Guide Dogs - Eyes for the Blind
Guide Dogs: Eyes for the Blind
By Rochelle Caviness - Updated December 7, 2003
The use of mustard gas during World War One left thousands of young men blinded. To help provide these men with a sense of independence, formal training schools for guide dogs were established throughout Europe. Paired with blind veterans, these guide dogs helped assist their partners to move about in the strange world that they found themselves.
In 1928, Buddy, a German Shepherd, became the first officially recognized, American, guide dog for the blind.
Who qualifies for a guide dog?
Cost of getting a dog?
What types of dogs become guide dogs?
- The student must be legally blind. Most schools require that they be least sixteen years old and physically capable of working with the dog.
How are the dogs trained?
- Almost any intelligent dog with a calm disposition, a willingness to work, and 'need to please' can be trained to be a guide dog. However, it has been found most efficient to use only purebred Labrador Retrievers, German Shepherds, and Golden Retrievers. These breeds consistently have the most desirable traits.
- Guide dogs also tend to have a quality called "intelligent disobedience." For example, when crossing a street, the dog does not tell the human when the light is green. It is the responsibility of the human to listen and judge when it is safe to cross. However, if the human were to make a mistake and tell the dog to cross when a car was coming – the dog would refuse to go forward.
6-8 weeks of age – dogs go through initial screening. They are judged for health, alertness and temperament.
8-9 weeks of age – dogs are placed in foster homes or with puppy raisers. They will spend almost a year in the foster home; there they will be acclimated to a normal home environment and taught basic obedience skills.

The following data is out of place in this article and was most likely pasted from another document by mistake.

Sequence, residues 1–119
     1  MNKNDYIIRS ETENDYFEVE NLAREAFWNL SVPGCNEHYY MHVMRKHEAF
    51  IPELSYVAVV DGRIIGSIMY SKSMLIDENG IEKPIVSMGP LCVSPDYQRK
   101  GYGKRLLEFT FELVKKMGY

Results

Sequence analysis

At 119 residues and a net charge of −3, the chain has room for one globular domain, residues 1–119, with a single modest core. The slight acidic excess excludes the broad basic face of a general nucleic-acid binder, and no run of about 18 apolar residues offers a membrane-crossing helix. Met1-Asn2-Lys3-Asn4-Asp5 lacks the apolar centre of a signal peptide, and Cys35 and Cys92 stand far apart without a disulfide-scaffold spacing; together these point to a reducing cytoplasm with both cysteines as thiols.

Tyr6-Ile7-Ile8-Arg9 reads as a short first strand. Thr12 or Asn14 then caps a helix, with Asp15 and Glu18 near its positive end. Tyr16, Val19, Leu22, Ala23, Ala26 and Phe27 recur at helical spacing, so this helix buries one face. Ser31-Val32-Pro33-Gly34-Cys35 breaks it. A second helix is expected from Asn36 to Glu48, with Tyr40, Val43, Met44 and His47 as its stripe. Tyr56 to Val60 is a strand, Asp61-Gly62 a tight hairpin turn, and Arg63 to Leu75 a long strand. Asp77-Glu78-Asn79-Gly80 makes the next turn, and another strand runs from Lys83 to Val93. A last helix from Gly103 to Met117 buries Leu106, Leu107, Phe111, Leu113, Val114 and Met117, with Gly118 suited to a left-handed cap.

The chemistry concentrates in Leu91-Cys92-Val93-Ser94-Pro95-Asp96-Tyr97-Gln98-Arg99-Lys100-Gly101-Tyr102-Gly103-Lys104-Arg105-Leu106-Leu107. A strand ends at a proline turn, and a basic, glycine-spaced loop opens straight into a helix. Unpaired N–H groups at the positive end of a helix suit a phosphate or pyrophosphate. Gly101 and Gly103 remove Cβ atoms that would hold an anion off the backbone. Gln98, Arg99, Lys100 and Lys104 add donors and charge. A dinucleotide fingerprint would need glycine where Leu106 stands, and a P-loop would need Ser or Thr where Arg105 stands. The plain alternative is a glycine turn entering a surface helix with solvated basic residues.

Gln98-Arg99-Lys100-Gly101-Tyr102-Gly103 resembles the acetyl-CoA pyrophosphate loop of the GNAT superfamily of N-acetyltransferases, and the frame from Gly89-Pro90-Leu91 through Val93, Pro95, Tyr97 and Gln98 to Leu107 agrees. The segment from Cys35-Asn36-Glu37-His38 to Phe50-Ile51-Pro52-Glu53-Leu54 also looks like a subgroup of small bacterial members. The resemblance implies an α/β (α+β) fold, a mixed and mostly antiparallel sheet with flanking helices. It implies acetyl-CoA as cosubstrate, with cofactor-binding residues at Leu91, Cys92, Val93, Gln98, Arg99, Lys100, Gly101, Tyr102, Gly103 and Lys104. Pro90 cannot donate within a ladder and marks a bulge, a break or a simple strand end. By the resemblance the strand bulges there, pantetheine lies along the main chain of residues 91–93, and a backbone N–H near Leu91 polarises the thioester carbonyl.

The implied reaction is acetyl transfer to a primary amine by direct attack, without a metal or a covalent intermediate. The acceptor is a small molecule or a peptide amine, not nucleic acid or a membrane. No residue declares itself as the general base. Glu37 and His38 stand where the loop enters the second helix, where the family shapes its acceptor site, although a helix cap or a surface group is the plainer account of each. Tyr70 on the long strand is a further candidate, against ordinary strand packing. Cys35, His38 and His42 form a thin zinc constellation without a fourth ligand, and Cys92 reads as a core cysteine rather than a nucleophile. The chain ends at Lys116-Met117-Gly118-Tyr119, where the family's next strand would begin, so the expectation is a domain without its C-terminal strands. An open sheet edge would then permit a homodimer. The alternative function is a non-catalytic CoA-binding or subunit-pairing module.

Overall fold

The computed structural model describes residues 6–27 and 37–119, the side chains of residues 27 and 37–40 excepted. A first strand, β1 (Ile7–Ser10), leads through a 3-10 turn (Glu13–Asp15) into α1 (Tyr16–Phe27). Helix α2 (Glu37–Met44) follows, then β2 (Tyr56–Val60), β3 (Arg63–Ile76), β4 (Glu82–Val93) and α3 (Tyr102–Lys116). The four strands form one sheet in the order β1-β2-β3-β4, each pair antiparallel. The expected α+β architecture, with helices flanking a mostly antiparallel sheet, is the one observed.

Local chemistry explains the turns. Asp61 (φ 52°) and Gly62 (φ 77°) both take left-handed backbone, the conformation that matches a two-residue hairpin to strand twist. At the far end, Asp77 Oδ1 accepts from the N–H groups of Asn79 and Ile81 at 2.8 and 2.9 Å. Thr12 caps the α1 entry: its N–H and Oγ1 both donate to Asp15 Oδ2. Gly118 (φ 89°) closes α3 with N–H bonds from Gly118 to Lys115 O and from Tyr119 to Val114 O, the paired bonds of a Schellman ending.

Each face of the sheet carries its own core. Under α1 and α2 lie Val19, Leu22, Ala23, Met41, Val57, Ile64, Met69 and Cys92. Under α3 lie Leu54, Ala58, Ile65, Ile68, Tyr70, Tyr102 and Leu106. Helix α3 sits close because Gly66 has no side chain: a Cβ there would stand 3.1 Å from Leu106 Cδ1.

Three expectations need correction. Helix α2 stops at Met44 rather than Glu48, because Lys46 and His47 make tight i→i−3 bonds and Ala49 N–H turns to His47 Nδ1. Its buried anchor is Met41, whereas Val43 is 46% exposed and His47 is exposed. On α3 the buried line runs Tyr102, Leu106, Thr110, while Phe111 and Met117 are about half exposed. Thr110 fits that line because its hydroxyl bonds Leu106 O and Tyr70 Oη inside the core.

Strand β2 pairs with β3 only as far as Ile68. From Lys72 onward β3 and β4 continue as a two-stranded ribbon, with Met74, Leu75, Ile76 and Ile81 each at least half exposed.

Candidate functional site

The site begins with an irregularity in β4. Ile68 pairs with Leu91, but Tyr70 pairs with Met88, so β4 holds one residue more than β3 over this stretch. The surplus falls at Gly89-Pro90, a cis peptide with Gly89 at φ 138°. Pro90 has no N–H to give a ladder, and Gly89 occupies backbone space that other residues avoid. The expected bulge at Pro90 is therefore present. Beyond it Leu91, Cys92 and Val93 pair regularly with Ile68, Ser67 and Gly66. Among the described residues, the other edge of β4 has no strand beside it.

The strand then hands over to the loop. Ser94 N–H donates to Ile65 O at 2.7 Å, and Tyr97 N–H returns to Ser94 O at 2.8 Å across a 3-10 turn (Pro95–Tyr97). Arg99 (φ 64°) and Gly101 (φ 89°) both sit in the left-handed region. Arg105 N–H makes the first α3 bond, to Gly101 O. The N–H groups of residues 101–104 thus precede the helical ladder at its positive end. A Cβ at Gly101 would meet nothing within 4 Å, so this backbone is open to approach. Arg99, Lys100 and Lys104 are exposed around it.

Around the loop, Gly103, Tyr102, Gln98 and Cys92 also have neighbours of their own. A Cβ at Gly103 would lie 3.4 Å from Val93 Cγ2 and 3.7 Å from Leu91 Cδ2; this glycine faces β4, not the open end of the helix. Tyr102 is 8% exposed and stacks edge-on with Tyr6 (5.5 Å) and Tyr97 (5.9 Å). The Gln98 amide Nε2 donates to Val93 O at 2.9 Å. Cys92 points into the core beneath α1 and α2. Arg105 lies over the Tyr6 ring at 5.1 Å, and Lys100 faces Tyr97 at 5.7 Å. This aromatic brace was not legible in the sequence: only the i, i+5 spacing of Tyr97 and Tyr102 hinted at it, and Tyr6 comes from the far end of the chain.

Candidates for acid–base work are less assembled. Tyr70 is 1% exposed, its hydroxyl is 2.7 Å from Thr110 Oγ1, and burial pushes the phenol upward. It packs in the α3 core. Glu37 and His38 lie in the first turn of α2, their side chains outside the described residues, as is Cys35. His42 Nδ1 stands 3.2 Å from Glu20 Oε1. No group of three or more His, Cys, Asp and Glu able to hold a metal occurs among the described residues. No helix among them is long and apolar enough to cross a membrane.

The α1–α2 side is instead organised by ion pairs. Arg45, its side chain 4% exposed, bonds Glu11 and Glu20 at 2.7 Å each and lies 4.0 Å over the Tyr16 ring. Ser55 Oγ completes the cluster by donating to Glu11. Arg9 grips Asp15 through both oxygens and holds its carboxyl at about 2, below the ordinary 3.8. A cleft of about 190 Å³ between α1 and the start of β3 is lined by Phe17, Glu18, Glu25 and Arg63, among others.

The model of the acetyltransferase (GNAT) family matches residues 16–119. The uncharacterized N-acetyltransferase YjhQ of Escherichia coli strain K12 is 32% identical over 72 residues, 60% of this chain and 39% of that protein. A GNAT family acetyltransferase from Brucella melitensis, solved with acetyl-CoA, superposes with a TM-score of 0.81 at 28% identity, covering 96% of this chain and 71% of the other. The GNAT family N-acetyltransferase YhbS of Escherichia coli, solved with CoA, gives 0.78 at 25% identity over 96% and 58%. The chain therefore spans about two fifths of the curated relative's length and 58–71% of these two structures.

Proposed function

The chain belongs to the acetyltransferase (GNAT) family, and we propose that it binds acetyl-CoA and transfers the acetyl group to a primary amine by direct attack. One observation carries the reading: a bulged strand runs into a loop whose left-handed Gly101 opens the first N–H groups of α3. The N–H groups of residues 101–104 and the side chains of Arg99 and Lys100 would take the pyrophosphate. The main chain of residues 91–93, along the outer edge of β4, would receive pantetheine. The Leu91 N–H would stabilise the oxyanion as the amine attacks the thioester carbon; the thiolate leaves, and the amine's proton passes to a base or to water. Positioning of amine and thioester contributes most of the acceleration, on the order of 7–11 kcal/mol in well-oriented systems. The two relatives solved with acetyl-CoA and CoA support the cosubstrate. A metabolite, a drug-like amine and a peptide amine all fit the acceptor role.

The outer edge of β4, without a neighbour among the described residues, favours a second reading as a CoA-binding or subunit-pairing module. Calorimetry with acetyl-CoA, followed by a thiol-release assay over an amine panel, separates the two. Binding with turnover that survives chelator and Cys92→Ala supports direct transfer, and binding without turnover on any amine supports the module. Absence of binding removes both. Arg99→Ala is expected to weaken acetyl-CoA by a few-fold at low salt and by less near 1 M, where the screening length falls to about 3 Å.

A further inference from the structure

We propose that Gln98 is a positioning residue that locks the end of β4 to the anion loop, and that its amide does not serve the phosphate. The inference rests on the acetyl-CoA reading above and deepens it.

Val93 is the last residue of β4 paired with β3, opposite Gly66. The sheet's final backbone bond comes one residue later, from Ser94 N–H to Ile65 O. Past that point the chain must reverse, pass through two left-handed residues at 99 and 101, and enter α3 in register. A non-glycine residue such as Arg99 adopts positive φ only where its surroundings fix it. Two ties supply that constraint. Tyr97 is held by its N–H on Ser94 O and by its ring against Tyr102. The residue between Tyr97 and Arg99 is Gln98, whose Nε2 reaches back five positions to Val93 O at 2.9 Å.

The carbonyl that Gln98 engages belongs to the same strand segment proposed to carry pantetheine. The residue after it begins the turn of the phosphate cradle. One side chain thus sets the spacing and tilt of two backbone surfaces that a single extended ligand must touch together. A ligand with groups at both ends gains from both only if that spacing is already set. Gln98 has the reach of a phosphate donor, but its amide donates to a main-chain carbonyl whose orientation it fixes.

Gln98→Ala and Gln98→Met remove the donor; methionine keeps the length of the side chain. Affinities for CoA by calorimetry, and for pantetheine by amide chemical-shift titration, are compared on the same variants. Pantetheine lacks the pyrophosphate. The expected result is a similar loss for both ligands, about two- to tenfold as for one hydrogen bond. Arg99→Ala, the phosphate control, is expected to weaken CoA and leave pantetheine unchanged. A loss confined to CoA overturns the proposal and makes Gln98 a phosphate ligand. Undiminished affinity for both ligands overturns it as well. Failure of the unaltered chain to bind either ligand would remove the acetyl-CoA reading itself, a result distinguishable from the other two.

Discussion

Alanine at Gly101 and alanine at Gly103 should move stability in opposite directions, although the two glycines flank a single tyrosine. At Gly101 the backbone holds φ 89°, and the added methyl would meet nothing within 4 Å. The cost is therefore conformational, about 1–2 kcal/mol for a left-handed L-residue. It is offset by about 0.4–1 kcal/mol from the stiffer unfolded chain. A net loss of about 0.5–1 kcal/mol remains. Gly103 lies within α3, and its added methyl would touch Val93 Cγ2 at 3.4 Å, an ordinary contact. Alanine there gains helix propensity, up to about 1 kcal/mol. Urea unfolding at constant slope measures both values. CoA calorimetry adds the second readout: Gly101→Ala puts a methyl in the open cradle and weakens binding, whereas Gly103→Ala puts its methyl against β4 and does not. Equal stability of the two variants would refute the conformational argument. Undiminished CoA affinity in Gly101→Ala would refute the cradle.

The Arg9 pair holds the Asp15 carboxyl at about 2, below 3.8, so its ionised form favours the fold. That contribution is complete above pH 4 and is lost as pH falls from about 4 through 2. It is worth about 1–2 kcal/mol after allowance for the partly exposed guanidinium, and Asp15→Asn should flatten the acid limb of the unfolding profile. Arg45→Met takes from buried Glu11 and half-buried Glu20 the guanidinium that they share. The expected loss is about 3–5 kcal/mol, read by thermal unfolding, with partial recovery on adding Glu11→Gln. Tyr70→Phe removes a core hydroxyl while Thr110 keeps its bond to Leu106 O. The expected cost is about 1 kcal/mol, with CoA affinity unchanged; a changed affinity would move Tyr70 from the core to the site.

14-18 months of age – dogs will be returned to the training facility, where they will be rescreened. Those that pass this screening will begin formal training as a guide dog. Those that do not pass this screening, as well as those that "flunk out" during training are put up for adoption.
Next 4-5 months – Formal training. The dogs are taught all the skills they will need to act as guides. By the end of training they will know over forty verbal and hand commands, ranging from SIT to FORWARD.
Next they spend about a month training with their new partner, and then it is off to work.
The average working life of a guide dog is 8-10 years.
Final step – retirement and a life of ease as a full time pet!
Don't interfere with a working guide dog!
When working, guide dogs wear a harness with a handle for their partner's to hold onto. His safety, and that of his partner, depends upon his ability to concentrate upon his job. Therefore:
The Guide Dog and Its Human...
- Don't pull on the dog's harness.
- Don't touch the dog or his partner. If you want to offer assistance, ask first.
- Don't call the dog by name, or try to get him to come to you.
- Don't feed the dog. That's the job of his partner.
- Don't try to play with the dog or pet him.
- Remember that he is at work.
Living and working together, the guide dog and its human partner form an intense bond. Their only means of communication is body language, and hand and voice commands of the human. Despite these limitations, they are able to work as a cohesive unit. Although the dogs are fantastic aids, they are not psychic. The human has to tell the dog where it wants to go. The dog follows those commands, guiding is its human partner around and over obstacles, such as steps. The dog also provides its human with companionship and an increased sense of self-sufficiency, due to the increase mobility that the dog affords the human.
Legally, guide dogs are allowed to accompany their human partners anywhere the public is allowed.
Back to top
- Service Dogs - Assistants to Those in Need
Dogs that assist the disabled are divided into three categories, guide dogs, hearing dogs, and service dogs. Service dogs are the newest entry into 'assistance' family of working dogs.
- Traveling with a Guide Dog
Part 2 in the Traveling With Your Eye Shut -
Travel Tips for the Visually Impaired Series.
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